Free Radiohead Album Download
There's no doubt that the Internet has changed the music industry and in some ways that the big record labels don't like very much. In much the same way that Hollywood once "owned" their stars under contracts that gave the studios complete control over their actors' careers and even publicity, so the record labels for decades dictated what albums would be produced, what songs could appear and how they were distributed. Finally, recording artists can take their own product directly to the public and one of the industries biggest bands is doing so.

Thom York of Radiohead

Radiohead's new album In Rainbows is being distributed via the Internet exclusively. They are not currently under contract to any label and so are producing the album themselves and distributing it via their website. Pre-orders are being taken now but the download won't be available until October 10th.

What makes this sale slightly different is that Radiohead has set no price and asks fans to pay what they want to pay. You decide how much to pay for the album download, the price is blank for the customer to fill in. Radiohead may not be the first band to give away their music on the internet, but they are the biggest band to date that has done this.

There may be some who will take advantage of the offer and decide to pay nothing (although there could be some nominal fees) but it is also as likely that true fans will cough up a decent price for the band's seventh release.

There is a premium product, the Discbox, which costs £40. The Discbox includes the additional digital download. Don't worry, a currency converter will help you sort it out if you aren't in the UK.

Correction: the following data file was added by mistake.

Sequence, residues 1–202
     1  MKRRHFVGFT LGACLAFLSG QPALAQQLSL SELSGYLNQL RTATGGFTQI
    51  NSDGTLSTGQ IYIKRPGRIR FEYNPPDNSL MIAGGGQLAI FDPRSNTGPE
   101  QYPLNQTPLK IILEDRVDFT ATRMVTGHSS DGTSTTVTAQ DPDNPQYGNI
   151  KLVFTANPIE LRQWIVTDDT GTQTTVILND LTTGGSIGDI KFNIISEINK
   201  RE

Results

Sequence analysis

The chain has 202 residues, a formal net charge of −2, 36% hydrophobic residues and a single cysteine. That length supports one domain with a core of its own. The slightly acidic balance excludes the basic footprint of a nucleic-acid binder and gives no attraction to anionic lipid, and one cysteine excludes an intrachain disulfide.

This is's sales scheme, except that Magnatune set a minimum of $4.99 and a "suggestion" of $9.99 instead of leaving the whole thing up to you.

It's a novel concept, because iTunes tends to lend itself to only downloading a song or two that you've heard before, whereas this scheme requires you to want to the whole album.

Of course, despite that also puts you in a "pick out single tracks" scheme, I usually end up downloading whole albums anyway.

If I can think of only one criticism, what is the point of pre-ordering? Are they going to dictate download days to keep their server from being pounded to death on 10/10? Otherwise, we should thank a high profile artist for doing their best to lead new frontiers instead of being bested by it in the distant future.
Date Added: 09/10/2007

Radiohead is leading the way, with bands like Oasis and Madness considering doing the same thing. What they give away, is to their minds, a way to increase sales for concert tickets. Prince has done this with an album, to the dismay of the record company but let's face it, Prince is no longer a top recording artist. But, he does have a stage show, and it's worth it to him to drum up business for that.

Radiohead seems to be accepting the future better than the record labels are. This is the generation that thinks music is free - they are the generation of napster, kazaa and youtube.

What's more, fans don't seem to be taking them up on the free offer. Consider this from the Telegraph:

"Google say that searches for Radiohead have increased tenfold this week as fans log on to the band’s site, with the majority – according to the band’s spokesman – spurning the opportunity to download the album for as little as 45 pence and instead signing up for the £40 box set, which includes vinyl records, CD and artwork".

I think that fans may download the album, and decide after hearing it that they would like to have the boxed set with all the trappings. The vinyl is another thing that is getting more popular - the Sex Pistols just released their album "Never Mind The Bollocks" in a 30 year anniversary edition on vinyl.

The recording labels may find that if they don't keep up with the times and find a way to reach the market that is there, that soon their market will be gone.
Date Added: 09/10/2007

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